The Endometriosis Foundation of America recently held their annual medical conference on endometriosis. If I had to sum up the messages from the three information-packed days of the conference, it would be that early diagnosis and intervention for endometriosis patients is extremely important, and we need continued research into ways we can accomplish this. Other interesting areas that were the subject of presentations included research into new treatment and diagnostic strategies, surgical considerations, and understanding pain mechanisms in endometriosis. Day 1 The highlight of the first day was the talk by Deborah Bush, co-founder and chief executive of Endometriosis New Zealand. She started out defining the scope of the endometriosis problem. Endometriosis affects one in ten women during the reproductive years, and even some men. Four percent of all women are affected, which amounts to approximately 176 million women worldwide. And yet we still don’t understand the causes of endometriosis, diagnosis is tricky, and there is not a lot of consensus about treatment guidelines. The best practice treatment guideline was published in 2013, through a global collaboration effort: “Consensus on current management of endometriosis.” With respect to the diagnostic delay, some important considerations to keep in mind are “the time of the diagnostic delay represents a whole changed person. It affects confidence and self-esteem” and “it takes a strong person to keep searching for care after continuously being told it is all in your head.” I think everyone who works in the field of endometriosis can agree that it is imperative to work to reduce the diagnostic delay. On the subject of treatment of endometriosis, Ms. Bush stated that... read more

Beneath Contempt: Politicians and Endometriosis Awareness

March is Endometriosis Awareness Month. Yesterday, I attended an event at Queen’s Park to promote that. It was well attended by people with Endo, but nobody else seemed to care. Invitations to the event were ignored by politicians, who didn’t even bother to regretfully decline. You know you’re beneath notice when you don’t even get a form letter. Recently, I’ve gotten into several arguments about our health care system. The Canadian health care system is pretty good at emergency care. If you’re injured, or have cancer, or something that needs immediate care, you don’t have to worry about access. It fails when it comes to chronic conditions. If you’re not about to die, then the system decides that you can be managed as a low priority. Enter Endometriosis. Endometriosis, especially if treated by excision surgery, in younger women, can reduce symptoms, preserve fertility, and allow for more productive lives. THIS IS WHY YOU SHOULD CARE. Even if you don’t “care”. More productive lives cost everyone less. Less money. Less tax burden. Less pain. BUT… many women with endometriosis aren’t even DIAGNOSED with endometrosis for 10+ years after symptoms start. Most aren’t treated with excision surgery at all. It’s just not available. They’re offered hormonal treatments that supress symptoms, but don’t cure underlying causes. They’re offered psychiatric drugs, because the first physician response is often to explain that something is wrong with them because they can’t handle normal period pain, or pain with sex, or can’t get pregnant because they’re too stressed or not at ease with their femininity. It’s not a disease. It’s your fault. Marriages fall apart. Careers... read more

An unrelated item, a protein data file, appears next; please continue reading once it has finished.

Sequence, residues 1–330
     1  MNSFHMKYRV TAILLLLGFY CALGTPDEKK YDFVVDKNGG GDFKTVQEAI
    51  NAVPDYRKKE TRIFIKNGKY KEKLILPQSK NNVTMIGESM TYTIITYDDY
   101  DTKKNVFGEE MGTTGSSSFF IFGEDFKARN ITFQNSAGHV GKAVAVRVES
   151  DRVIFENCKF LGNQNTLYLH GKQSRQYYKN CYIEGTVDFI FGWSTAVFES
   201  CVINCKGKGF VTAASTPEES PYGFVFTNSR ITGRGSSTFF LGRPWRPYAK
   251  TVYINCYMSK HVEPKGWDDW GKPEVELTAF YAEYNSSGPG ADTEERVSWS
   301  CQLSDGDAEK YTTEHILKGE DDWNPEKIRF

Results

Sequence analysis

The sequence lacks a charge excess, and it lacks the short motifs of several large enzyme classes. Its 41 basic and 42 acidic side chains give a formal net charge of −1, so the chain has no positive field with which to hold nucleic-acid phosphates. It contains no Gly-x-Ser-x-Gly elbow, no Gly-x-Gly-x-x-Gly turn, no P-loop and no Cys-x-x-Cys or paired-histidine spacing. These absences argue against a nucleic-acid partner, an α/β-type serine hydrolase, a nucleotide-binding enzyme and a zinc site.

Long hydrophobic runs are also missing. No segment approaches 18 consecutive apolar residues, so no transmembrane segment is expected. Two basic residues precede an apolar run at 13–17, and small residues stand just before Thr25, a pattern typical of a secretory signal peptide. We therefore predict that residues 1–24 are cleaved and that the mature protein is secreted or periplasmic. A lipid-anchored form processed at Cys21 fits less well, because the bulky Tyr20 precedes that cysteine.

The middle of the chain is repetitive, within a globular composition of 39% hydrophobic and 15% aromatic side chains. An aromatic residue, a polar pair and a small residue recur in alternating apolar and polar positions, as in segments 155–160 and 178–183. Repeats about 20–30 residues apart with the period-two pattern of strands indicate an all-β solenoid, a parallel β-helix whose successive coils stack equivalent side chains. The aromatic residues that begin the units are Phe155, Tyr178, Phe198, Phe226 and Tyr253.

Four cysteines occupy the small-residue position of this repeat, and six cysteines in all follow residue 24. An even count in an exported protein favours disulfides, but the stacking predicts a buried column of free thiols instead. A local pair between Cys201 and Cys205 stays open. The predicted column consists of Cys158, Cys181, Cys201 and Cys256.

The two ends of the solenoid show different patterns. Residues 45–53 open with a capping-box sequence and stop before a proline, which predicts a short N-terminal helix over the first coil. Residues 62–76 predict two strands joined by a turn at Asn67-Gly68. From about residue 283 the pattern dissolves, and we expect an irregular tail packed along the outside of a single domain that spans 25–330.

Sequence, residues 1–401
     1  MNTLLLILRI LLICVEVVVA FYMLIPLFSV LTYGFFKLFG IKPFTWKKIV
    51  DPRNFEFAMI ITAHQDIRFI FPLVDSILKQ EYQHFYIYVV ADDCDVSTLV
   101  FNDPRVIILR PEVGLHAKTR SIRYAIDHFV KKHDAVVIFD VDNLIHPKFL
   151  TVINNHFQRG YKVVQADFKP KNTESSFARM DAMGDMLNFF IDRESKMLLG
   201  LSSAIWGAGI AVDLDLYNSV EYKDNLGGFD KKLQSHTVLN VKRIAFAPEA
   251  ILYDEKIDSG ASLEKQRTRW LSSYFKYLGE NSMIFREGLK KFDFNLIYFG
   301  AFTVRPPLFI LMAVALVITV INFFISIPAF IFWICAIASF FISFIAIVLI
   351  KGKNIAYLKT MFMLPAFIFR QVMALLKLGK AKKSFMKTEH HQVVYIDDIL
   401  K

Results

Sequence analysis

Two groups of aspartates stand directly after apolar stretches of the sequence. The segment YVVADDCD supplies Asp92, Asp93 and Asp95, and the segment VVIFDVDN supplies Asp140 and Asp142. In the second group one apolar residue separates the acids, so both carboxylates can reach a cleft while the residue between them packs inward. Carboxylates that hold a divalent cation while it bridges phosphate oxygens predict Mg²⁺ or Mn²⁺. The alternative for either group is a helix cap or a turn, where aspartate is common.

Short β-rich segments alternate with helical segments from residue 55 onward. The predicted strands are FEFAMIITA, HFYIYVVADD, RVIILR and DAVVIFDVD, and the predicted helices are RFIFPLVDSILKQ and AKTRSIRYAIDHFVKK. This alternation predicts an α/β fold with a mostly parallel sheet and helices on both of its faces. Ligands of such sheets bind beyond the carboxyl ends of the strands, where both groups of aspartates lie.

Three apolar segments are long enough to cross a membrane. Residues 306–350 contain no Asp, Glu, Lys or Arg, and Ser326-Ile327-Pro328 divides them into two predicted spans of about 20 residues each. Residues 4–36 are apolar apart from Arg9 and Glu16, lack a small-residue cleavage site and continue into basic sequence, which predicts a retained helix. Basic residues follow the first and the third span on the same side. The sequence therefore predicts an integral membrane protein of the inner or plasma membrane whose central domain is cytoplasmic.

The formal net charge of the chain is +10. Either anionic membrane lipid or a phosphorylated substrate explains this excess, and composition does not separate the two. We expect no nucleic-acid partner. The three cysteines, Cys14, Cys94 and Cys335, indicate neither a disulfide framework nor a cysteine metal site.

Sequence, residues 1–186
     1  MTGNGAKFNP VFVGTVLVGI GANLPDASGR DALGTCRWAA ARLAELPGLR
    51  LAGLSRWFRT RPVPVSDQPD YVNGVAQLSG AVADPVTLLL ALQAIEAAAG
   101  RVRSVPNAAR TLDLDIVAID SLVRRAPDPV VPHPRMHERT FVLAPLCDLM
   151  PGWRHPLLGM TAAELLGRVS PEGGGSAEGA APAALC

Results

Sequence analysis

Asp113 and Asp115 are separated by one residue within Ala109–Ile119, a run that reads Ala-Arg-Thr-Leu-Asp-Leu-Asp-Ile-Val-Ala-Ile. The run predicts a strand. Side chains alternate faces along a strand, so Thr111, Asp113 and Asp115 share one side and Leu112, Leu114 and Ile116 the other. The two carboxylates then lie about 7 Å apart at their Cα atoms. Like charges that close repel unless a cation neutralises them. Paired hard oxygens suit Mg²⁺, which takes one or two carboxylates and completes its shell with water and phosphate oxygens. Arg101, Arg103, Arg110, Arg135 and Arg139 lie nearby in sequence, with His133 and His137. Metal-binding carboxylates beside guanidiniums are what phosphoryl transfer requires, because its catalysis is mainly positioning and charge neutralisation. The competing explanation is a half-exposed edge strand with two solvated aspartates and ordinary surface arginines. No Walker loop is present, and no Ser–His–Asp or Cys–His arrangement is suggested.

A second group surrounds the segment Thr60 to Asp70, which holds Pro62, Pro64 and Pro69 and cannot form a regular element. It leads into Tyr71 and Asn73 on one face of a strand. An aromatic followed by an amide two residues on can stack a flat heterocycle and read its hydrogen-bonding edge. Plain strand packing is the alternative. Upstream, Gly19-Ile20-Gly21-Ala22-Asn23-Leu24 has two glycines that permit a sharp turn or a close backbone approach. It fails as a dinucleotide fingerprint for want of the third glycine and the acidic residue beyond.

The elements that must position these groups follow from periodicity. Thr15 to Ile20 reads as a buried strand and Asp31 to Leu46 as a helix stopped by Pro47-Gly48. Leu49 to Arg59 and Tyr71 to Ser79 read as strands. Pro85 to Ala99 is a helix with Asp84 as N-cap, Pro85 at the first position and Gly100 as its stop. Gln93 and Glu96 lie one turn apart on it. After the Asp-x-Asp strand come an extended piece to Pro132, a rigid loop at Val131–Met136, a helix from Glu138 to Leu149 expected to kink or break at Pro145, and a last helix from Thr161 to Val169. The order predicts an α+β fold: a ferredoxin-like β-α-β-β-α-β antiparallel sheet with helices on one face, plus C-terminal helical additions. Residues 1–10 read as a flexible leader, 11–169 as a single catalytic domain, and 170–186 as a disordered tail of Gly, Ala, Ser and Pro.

Myth Buster: Endometriosis  

Misinformation abounds on the internet. It’s hard to know what’s fact and what’s myth. Deciphering the truth gets even trickier if you’re trying to research which natural healthcare option is best for you. We’re here to bust five common myths about healthcare and endometriosis.  Myth #1: My doctor says candida (yeast) is not a real problem and doesn’t affect endometriosis. Candida albicans (C. ablicans) is a type of yeast that lives in harmony with other microbes in our digestive tract and the female reproductive system. Candida only becomes a problem when the yeast population grows to outnumber the other microbes in our system. This is called candidiasis. Some doctors only view candidiasis as an issue for people living with HIV. This kind of yeast, however, is also responsible for causing thrush. Originally, the medical community considered candida a common yeast that caused no harm; however, more and more research is emerging about how candida is connected to other health concerns. A prominent endometriosis journal published an article in early 2013 stating: “Observations suggest that C. albicans may stimulate cell proliferation of endometrial cells from women with endometriosis.” It’s important to understand that the digestive and reproductive tracts are ecological environments, and it’s not about whether or not candida is present. It’s about the population of candida relevant to probiotic, the “good” bacteria in our gut. Reference:   Myth #2: All of this natural stuff sounds good, but there’s no research to back it up. Complementary and alternative medicine (CAM) is a large and growing field with an extensive history of research. Unfortunately, many natural products like herbs or... read more